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Whoopsies
Old 01-05-2007, 11:21 AM   #1
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Whoopsies

I'm interested in your stories if you want to share...

I just realized that my latest FIRE spreadsheet double-counts my expenses. I figure up a "FIRE net worth" and a "spending number" and take the ratio, and then project forward based on inflation, my contributions, my expected returns, etc., when that ratio will hit 4%.

One of the things I subtract from my "FIRE net worth" is the NPV of my future significant liabilities, one of which is the child support I must pay for the next ~13.5 years.

One of the things I include in my "spending number" is that same child support.

Whoopsies, I think I double-counted, yes?

Since CS is my single largest monthly expense and perhaps 25% of my total spending, this is a significant issue for me to correct.

The last time I made a mistake of this magnitude was when I was in college and I had all this extra money in my checking account and was getting pretty excited. Then I got curious as to why this month was different. Turns out I had forgotten to pay my rent.

2Cor521
A soon-to-be MBA who probably shouldn't claim any special abilities in accounting....
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Re: Whoopsies
Old 01-05-2007, 11:53 AM   #2
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Re: Whoopsies

My favorite trick is getting sloppy with Quicken data entry.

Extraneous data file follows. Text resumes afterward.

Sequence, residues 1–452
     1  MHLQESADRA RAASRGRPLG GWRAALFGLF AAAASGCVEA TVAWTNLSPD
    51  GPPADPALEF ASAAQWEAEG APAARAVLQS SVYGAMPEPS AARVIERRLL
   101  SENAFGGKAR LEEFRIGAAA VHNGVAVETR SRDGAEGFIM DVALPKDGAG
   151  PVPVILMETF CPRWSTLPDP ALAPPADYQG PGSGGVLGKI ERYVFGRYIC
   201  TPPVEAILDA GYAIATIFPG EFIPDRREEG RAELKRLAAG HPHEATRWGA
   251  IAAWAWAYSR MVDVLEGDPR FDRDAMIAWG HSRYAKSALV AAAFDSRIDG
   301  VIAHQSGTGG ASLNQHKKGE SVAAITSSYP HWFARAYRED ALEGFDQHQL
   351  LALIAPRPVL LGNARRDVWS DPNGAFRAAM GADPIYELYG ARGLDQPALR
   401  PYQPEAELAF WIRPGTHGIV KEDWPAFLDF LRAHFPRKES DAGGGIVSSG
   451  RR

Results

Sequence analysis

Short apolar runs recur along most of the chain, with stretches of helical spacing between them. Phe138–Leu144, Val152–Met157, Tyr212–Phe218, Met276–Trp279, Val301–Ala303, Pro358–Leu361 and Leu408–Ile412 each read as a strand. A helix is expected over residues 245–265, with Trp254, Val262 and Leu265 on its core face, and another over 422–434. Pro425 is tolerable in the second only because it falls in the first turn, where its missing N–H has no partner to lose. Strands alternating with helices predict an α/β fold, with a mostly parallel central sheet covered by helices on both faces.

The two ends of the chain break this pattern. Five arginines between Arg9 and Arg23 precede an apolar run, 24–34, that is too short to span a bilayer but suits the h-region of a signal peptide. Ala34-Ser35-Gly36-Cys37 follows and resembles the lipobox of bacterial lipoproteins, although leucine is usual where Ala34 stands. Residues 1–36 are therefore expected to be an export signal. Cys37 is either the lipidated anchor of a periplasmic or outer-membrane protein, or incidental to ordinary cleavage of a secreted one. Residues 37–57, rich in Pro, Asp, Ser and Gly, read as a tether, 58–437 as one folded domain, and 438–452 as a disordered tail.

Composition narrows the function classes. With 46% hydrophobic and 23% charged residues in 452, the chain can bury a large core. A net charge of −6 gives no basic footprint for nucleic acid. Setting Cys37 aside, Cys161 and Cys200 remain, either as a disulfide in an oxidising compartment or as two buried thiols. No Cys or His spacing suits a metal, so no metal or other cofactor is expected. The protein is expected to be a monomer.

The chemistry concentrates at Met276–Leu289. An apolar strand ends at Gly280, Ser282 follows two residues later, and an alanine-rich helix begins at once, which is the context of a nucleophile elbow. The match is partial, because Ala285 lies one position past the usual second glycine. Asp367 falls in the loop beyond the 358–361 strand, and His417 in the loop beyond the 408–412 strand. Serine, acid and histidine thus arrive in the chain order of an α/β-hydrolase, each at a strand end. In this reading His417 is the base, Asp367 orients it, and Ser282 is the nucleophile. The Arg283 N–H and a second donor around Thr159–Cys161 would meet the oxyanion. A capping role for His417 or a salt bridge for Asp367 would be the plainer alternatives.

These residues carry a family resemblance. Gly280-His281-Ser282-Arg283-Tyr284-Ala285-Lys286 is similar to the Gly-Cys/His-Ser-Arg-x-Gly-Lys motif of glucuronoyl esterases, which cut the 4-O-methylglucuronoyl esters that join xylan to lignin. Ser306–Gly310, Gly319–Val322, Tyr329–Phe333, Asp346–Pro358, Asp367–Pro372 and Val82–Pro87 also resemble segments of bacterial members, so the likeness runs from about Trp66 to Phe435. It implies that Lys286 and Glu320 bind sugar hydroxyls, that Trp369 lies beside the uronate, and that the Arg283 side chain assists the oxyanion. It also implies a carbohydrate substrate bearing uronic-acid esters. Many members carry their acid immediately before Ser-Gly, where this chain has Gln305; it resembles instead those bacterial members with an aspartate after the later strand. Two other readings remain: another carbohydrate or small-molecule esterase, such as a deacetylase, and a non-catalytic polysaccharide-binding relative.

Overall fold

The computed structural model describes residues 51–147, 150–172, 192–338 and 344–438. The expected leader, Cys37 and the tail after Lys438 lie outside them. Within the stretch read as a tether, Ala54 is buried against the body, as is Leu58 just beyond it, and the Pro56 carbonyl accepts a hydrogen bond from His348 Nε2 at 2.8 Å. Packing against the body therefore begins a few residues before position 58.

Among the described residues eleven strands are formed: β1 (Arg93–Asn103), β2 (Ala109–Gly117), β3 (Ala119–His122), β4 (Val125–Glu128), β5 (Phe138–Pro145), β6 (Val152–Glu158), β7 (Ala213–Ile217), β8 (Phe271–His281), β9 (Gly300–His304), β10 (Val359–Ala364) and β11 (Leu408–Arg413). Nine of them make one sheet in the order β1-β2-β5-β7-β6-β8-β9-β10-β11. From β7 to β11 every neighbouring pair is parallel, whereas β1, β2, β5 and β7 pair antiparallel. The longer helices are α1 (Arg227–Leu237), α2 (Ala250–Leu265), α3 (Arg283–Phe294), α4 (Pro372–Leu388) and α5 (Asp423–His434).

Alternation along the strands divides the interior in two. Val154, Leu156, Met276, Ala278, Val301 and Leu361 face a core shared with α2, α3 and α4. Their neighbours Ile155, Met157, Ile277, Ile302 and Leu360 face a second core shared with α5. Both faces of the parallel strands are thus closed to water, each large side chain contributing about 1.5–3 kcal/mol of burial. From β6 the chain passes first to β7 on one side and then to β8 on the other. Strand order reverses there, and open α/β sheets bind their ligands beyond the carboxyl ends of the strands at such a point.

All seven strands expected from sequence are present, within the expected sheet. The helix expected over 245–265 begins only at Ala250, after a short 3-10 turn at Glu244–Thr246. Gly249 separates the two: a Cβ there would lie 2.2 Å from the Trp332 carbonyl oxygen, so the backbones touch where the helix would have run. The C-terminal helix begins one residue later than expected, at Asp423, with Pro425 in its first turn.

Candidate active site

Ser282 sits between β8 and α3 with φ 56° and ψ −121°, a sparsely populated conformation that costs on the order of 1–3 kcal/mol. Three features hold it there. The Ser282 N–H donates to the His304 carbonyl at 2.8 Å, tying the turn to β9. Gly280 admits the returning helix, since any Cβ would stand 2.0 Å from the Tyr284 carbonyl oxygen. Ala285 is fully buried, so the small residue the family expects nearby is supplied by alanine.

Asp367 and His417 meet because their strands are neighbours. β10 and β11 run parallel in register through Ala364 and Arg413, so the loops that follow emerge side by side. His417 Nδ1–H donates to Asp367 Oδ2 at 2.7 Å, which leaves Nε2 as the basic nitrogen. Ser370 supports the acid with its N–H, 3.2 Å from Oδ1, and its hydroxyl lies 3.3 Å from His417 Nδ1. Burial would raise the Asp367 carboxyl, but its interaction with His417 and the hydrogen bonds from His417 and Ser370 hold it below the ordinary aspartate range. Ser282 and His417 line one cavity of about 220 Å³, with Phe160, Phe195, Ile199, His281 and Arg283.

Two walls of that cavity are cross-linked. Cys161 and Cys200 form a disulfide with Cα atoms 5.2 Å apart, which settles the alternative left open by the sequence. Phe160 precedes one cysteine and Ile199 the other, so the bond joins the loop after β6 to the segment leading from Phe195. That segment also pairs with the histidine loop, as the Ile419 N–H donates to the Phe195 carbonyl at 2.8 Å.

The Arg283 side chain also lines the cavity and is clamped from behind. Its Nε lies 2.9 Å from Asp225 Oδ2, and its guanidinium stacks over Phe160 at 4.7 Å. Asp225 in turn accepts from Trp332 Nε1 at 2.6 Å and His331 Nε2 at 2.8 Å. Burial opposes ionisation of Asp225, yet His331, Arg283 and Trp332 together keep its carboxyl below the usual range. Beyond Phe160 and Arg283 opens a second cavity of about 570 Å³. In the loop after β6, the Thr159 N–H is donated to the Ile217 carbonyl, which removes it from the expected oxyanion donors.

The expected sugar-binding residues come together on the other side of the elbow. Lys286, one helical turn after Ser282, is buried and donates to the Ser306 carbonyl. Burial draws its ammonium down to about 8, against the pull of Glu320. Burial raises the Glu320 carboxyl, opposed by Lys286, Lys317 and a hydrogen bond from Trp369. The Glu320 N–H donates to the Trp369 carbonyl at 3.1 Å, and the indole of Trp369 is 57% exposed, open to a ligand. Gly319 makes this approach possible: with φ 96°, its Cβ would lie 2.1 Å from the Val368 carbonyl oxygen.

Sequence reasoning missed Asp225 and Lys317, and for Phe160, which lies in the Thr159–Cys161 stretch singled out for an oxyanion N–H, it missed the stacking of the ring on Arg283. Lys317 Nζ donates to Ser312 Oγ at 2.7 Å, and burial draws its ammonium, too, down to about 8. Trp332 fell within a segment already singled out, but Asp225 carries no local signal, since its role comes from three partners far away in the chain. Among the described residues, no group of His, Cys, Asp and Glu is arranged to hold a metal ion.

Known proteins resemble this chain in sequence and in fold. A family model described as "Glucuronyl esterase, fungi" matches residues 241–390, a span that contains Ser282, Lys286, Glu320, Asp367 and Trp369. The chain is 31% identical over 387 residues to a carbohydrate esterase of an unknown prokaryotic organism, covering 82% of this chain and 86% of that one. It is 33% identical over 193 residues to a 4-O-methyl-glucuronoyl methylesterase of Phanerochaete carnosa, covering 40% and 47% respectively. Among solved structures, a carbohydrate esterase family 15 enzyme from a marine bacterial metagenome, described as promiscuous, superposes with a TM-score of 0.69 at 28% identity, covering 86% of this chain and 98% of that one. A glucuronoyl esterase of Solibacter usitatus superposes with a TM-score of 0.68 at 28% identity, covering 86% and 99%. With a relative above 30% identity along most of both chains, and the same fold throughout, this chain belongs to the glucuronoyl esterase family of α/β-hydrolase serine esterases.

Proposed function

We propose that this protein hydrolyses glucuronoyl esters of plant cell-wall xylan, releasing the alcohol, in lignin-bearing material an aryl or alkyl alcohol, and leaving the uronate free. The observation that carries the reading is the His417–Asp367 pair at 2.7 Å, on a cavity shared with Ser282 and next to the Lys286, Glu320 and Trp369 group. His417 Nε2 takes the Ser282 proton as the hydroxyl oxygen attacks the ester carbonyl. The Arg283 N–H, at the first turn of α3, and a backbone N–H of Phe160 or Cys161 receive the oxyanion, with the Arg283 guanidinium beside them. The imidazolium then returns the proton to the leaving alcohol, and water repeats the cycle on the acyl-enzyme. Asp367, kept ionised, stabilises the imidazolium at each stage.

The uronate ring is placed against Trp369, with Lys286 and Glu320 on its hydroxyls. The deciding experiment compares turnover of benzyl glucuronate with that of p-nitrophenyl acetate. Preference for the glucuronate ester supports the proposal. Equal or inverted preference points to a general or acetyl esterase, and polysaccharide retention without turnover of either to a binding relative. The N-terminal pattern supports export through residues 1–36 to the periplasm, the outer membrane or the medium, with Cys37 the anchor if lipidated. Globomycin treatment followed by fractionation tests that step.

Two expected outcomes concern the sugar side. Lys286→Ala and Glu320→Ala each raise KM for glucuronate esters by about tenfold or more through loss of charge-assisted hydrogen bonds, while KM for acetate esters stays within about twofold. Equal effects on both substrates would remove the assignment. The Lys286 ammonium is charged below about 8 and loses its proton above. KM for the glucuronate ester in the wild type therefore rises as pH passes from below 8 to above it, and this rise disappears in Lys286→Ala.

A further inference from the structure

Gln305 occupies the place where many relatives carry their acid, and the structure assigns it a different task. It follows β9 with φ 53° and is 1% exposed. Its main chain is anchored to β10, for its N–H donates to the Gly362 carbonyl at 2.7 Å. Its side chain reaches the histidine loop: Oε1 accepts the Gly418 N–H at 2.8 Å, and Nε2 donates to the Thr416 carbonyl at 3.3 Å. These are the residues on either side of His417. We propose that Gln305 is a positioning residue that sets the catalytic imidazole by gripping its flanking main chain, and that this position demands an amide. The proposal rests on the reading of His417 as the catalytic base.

Its 2005 incarnation is a little bossy in its investment-transaction formatting by forcing you to tell it the stock or fund dollar amount as well as the number of shares. Then it helpfully calculates the share price (based solely on your data entry) and immediately updates your portfolio value with that share price-- whether you think that's a good idea or not.

So if you slip a decimal or fumble the data entry, your mutual fund share value can skyrocket from $30 to $47.92186, or a money market can scream up from $1/share to $10/share. Good luck figuring out why you're so rich all of a sudden...
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Re: Whoopsies
Old 01-05-2007, 12:03 PM   #3
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Re: Whoopsies

Yep, I've had that happen before. It was especially helpful to me when Quicken calculated share price of my employer's stock -- of which I owned a large number of shares because I was in the ESPP -- based on my DRIP purchases of like 0.013 shares for $0.03 and coming up with a share price that was off by five or ten dollars.

As you probably know, you can go in and edit the stock price history and delete those prices if you don't want Quicken to use them. Click on the security name and poke around; you'll find it.

2Cor521.
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Re: Whoopsies
Old 01-05-2007, 08:05 PM   #4
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Re: Whoopsies

Quote:
Originally Posted by SecondCor521
As you probably know, you can go in and edit the stock price history and delete those prices if you don't want Quicken to use them. Click on the security name and poke around; you'll find it.
Killjoy. I'd leave it there and enjoy being a multi-decamillionaire until the next price-update download.
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